From there, about 20 local businesses contributed to a capital campaign to build the teaching kitchen, the hoop house, and buy a tractor for the 13-acre farm. Nourish Farms opened to the public in 2021, and has grown dramatically since then.

In 2021, Nourish had 30,000 public engagements, which counts people who were either eating, growing, cooking, sharing, or celebrating good food. 

“It’s grown over 500 percent,’’ Laswell said. “It’s growing so fast it’s hard to keep track of what’s happening.”

Christina Singh, CEO of the Boys & Girls Club of Sheboygan, says Nourish fits in perfectly with her organization’s goals of teaching healthy living. While the children in the Sheboygan Falls after-school program can walk over, Nourish brings its show on the road to the other six locations, including a teen club at the Sheboygan YMCA.

“There are a lot of our teens who are hungry because they don’t have reliable access to food,’’ Singh said. The Nourish program teaches them some healthy snacks they can cook themselves out of minimal ingredients that they may have at home.

Smaller children, Singh said, benefit from being introduced to new foods.

“They’ll say they don’t like zucchini, but when you let them spiralize it into ‘zoodles’ and they cook a fresh tomato sauce to serve with it, suddenly they have a new favorite,” she said.

Principal Lynn Bub of Sheboygan Falls Elementary School (SFES) said that teachers are developing a Nourish farm curriculum for science classes.

“It will be targeted at specific times in their elementary education so that each student passing through SFES would experience the entire program,’’ she said.

Sheboygan Falls Superintendent Zach Pethan first experienced the school as an elementary principal. He said the fresh air work on the farm worked wonders on children who were too over-stimulated to do well sitting in a classroom.

“I’d pull them out of class and say, ‘Hey, I have some important work for you to do,’ ’’ he recalled. “When they would get outside and get dirt under their fingernails, it’s like you flipped a switch and all their behavior improved.”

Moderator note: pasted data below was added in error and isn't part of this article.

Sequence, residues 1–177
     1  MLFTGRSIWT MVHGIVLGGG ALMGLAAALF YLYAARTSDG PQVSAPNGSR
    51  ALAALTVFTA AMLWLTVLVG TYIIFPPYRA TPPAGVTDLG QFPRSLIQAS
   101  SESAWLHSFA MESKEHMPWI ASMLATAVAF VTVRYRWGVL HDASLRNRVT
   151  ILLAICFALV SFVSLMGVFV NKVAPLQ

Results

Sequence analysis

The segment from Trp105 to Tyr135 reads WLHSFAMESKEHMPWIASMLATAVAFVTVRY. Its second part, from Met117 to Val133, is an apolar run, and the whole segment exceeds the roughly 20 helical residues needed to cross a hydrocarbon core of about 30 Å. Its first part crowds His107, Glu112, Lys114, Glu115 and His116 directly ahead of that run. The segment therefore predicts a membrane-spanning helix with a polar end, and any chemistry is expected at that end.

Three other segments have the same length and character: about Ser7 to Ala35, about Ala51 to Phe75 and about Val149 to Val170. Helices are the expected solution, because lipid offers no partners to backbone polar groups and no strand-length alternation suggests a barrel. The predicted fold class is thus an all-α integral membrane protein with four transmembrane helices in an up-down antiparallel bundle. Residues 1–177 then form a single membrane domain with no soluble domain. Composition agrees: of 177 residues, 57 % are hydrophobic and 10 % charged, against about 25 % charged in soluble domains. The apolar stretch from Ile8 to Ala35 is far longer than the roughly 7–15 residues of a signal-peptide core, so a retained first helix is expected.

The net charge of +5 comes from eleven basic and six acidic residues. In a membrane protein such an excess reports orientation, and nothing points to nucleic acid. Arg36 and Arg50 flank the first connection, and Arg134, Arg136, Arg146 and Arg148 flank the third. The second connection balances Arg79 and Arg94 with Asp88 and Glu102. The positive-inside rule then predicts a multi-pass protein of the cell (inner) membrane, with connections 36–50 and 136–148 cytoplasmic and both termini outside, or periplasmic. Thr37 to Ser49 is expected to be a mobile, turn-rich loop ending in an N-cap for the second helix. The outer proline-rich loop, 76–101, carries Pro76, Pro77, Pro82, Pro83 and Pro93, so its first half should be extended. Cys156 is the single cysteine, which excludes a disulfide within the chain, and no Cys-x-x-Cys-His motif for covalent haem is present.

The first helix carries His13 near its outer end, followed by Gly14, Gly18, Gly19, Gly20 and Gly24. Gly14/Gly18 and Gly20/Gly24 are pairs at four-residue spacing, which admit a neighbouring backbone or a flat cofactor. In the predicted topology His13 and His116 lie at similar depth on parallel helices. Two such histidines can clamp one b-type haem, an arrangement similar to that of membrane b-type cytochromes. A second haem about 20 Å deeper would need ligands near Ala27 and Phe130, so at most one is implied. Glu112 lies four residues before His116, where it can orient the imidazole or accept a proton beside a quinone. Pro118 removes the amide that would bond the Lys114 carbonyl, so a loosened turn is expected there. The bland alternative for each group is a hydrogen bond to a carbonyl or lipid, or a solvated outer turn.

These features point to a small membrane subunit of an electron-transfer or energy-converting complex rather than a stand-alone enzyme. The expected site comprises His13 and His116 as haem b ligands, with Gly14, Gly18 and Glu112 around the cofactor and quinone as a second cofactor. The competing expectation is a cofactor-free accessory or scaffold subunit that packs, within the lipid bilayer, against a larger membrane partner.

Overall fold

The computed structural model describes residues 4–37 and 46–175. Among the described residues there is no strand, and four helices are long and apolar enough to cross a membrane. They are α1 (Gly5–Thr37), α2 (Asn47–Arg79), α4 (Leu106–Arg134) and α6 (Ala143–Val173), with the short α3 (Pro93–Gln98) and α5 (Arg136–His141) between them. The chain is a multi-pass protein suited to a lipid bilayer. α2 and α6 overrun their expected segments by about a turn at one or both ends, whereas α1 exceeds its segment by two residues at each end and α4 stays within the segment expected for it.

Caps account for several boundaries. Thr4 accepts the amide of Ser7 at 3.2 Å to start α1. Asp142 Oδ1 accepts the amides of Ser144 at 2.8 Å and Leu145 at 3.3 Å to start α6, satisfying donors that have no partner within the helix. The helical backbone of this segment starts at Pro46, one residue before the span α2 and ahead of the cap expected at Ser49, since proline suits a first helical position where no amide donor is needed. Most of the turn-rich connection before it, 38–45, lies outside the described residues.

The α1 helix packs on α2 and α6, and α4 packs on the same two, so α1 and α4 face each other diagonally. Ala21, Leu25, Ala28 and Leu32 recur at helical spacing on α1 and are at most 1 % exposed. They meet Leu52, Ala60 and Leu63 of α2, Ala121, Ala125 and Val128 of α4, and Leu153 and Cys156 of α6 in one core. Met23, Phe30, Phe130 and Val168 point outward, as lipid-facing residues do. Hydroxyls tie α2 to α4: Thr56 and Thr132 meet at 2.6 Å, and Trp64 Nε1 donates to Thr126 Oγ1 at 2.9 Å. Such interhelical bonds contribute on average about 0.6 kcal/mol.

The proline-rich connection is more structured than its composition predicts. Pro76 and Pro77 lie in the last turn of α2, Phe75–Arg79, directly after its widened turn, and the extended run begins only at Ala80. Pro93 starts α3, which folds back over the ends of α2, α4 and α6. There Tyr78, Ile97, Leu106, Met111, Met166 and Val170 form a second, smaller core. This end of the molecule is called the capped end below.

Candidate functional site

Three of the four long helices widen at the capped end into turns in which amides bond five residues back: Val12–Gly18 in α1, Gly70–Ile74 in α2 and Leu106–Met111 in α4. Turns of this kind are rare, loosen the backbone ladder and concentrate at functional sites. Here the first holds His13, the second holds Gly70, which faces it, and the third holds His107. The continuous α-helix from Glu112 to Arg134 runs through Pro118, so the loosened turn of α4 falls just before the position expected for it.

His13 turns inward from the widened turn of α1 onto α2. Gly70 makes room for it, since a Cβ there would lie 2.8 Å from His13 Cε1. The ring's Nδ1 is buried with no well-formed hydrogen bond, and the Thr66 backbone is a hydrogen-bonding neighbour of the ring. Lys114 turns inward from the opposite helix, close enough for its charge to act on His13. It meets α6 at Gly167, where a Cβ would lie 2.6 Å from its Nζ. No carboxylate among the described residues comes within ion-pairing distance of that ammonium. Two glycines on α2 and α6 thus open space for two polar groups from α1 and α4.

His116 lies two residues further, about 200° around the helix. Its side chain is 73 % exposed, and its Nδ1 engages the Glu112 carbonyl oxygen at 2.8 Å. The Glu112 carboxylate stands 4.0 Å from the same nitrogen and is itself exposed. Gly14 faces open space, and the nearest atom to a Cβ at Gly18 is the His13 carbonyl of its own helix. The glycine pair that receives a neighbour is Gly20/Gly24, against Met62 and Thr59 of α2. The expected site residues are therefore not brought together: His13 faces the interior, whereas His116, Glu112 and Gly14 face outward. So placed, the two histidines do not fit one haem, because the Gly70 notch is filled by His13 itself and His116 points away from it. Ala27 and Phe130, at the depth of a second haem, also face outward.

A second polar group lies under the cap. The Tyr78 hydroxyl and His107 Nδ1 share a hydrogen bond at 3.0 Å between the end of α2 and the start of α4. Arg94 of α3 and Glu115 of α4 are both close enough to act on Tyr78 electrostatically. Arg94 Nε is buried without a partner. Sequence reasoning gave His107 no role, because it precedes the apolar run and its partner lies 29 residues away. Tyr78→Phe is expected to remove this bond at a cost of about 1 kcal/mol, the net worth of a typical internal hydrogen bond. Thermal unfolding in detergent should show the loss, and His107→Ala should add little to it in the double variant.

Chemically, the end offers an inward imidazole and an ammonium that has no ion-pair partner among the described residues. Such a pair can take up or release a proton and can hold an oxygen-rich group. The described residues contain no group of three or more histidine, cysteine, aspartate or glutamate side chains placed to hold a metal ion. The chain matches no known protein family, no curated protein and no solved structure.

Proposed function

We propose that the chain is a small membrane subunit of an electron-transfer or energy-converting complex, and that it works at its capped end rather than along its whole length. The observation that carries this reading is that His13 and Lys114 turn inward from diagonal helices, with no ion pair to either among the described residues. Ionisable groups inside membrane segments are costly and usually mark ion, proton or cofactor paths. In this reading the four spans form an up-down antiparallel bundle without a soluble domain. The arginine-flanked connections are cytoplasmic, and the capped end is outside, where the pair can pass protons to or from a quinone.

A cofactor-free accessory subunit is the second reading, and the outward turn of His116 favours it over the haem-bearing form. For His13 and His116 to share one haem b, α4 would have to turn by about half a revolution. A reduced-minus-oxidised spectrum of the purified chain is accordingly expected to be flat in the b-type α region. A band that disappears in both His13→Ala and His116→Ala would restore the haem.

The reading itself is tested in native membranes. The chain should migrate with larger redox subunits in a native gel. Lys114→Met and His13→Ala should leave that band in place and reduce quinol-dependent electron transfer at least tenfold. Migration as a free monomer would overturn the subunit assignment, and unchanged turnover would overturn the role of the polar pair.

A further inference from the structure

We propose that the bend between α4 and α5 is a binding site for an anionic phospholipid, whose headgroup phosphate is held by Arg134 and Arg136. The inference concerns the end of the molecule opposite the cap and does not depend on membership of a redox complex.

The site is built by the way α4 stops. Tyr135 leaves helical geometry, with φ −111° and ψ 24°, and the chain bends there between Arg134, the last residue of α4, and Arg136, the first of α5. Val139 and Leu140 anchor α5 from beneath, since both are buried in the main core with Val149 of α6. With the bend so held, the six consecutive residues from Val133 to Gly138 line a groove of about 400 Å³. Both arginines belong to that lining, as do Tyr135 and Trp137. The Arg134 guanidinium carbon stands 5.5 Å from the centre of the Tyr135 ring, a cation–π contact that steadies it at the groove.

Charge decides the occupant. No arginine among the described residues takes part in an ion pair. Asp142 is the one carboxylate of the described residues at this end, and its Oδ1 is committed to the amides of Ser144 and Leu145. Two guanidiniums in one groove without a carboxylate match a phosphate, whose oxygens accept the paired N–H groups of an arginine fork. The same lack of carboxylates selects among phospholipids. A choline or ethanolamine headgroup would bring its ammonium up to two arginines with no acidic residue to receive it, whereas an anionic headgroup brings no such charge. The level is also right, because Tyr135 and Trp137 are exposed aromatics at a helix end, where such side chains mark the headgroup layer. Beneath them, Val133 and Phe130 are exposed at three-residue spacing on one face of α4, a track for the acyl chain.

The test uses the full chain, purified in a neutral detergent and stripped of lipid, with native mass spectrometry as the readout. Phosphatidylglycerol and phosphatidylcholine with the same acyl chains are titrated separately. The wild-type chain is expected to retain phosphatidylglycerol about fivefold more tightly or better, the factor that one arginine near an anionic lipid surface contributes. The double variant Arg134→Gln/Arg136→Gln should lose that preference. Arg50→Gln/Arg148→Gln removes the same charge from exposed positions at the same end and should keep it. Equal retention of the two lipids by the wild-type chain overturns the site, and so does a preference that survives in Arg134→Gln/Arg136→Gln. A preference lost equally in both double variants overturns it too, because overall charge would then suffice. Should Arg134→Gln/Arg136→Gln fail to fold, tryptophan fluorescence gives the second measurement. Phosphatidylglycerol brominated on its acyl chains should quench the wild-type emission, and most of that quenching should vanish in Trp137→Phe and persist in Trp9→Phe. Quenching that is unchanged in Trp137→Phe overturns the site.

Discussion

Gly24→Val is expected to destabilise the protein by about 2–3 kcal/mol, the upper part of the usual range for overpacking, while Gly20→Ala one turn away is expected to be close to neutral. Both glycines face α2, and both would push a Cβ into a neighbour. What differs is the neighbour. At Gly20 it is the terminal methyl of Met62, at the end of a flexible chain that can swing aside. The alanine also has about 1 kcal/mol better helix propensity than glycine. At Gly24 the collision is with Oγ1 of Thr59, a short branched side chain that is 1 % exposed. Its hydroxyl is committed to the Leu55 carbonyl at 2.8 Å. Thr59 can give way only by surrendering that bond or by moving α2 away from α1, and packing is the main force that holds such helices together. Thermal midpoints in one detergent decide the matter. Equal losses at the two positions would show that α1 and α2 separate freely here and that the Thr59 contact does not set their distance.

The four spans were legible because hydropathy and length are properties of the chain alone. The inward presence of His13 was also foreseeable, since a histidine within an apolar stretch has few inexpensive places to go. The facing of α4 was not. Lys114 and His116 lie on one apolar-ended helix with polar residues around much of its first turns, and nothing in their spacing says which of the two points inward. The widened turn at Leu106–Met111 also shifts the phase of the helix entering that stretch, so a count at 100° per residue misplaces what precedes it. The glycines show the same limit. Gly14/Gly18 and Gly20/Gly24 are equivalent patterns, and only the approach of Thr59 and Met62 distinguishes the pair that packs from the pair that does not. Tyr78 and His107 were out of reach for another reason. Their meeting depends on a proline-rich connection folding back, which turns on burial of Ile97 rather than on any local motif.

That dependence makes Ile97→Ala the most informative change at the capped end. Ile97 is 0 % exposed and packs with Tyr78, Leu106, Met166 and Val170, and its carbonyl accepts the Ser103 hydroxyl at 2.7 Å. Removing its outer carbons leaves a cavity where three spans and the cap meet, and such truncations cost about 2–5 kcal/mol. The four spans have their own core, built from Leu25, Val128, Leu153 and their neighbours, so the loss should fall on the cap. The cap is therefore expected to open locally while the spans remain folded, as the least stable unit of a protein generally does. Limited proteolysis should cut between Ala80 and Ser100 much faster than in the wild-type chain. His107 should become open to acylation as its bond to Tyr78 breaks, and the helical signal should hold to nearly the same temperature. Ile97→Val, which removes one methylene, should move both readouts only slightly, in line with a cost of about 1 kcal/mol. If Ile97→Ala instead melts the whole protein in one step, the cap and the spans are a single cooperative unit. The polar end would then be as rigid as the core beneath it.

The children, Pethan said, took pride in their garden work, and said, “these are kids who aren’t used to getting good feedback about their work.”

In addition to inviting the community to the farm, Nourish does outreach to area businesses, such as its “lunch and learn” programs on well-being, which it delivered to Kohler Co. employees. Other companies work with Nourish for team-building activities, such as cooking classes or volunteering to work with youth groups.

Such involvements would have likely pleased former farm owners Al and Marjorie Wiley, Laswell said.

Ryan Laswell is the Nourish Farm’s executive director. A poem by former farm owner Majorie Miley adorns the pizza oven. (Photos by Susan Lampert Smith)

The Mileys were well-known in the community. Besides delivering milk, they hosted international students interested in the Wisconsin dairy industry. Marjorie Miley was a Cordon Bleu-trained chef and once appeared on the Betty Crocker Magazine of the Air national radio broadcast to promote Wisconsin cheese. Her poem about bread is set into a ceramic tile on the outdoor pizza oven:

Bread is the warm sun of summer, the dew of early morning, the rich earth.

 It is the warm rain brought in by the east wind, the west wind, the south wind and the north wind falling on a field of golden wheat.

 Bread is as old as man. It is elemental.

 It is essential, for a grain of wheat holds all life in its seed.